Of course, making six figures farming isn’t generally impossible—with enough capital, enough land, in the right situation, theoretically anyone could do it. What makes [Jean-Martin] Fortier somewhat unique is that on his 1.5 acre vegetable farm in Quebec, for the better part of a decade, he has claimed that amount per acre.
Contrasted with corn or soybean farmers, for example, who may average somewhere between $400 and $600 an acre—or even the average CSA farmer who often brings in less than $40,000 per acre of vegetables—these numbers don’t just make farming look reasonable, but viable. They’re the sort of numbers that, no matter what kind of farmer you are, you drag yourself across state lines to see the guy who’s doing it.
I have been listening to a workshop of Fortier’s where he dwells - perhaps more than any other theme - on how to keep farming costs low and create efficiency. It makes for an interesting pairing with the Wendell Berry documentary Look and See, in which the most compelling portions to me featured conventional farmers talking about the astronomical costs (taken on through debt) required by modern agribusiness, and how those costs restrict their flexibility in their business and may even threaten their livelihood.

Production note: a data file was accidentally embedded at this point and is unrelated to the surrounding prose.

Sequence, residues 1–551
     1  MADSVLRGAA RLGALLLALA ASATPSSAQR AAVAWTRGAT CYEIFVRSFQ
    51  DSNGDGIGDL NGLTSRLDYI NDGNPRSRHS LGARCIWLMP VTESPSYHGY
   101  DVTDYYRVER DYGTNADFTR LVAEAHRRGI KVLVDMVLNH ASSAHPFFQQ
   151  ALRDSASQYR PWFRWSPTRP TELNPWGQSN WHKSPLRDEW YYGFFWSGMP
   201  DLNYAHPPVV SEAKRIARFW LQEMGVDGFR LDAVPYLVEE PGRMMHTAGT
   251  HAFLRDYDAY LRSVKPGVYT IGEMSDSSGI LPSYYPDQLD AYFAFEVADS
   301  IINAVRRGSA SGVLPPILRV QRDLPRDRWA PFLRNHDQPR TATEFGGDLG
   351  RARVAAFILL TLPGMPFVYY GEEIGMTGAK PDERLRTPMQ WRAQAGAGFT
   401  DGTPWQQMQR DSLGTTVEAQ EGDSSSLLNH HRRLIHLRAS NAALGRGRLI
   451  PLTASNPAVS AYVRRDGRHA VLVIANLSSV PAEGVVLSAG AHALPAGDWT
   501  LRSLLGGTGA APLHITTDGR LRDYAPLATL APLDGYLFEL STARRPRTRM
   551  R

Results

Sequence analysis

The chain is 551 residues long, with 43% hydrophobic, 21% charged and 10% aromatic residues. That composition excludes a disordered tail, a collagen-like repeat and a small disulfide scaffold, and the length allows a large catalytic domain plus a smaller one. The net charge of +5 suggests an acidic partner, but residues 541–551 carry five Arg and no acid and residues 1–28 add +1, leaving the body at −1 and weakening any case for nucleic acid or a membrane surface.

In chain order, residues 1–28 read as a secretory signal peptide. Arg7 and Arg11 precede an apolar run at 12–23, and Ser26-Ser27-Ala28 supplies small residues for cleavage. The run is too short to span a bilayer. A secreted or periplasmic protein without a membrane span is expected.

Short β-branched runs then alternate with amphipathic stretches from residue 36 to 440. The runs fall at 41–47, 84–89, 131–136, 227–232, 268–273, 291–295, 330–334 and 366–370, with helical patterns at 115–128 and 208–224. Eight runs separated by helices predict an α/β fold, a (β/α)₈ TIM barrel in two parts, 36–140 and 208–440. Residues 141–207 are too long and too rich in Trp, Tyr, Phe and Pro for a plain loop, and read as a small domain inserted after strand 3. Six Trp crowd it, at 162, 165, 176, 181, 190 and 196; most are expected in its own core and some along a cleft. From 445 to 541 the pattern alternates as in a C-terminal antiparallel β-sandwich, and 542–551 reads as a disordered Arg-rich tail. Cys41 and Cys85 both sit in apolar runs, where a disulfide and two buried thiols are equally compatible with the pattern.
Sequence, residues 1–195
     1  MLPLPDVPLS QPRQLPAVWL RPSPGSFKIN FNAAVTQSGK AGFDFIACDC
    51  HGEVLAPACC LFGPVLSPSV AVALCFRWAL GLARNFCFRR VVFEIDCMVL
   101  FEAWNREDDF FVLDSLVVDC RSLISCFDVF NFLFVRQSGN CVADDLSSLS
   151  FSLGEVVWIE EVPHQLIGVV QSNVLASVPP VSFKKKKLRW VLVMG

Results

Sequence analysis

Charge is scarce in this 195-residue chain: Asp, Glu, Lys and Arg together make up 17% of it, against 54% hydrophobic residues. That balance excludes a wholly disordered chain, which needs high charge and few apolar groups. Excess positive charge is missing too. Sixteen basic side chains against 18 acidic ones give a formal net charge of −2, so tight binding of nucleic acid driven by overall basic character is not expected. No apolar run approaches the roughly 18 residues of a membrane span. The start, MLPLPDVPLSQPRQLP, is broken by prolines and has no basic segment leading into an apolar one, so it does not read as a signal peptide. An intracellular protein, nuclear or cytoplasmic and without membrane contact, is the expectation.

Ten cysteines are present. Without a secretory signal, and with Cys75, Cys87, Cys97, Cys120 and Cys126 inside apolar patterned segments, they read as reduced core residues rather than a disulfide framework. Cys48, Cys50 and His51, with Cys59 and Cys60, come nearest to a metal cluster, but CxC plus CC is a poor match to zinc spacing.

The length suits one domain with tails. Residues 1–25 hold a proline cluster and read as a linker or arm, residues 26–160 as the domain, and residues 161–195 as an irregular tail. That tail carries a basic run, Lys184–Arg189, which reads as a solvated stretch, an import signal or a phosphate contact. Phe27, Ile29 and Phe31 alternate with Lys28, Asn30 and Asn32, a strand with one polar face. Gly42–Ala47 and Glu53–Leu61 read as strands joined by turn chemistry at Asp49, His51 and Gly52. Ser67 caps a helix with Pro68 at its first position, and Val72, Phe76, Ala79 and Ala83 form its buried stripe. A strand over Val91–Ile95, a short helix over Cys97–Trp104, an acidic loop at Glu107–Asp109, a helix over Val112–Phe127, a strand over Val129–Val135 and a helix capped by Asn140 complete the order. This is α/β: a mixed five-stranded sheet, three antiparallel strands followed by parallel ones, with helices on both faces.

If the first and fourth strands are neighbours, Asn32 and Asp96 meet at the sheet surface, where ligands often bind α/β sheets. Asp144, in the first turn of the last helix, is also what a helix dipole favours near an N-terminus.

I don’t think Fortier’s approach is a silver bullet, but the extent to which his success has depended on keeping costs down and using cheaper tools suggests that Berry’s early emphasis on the dangers of debt for farmers has been right on.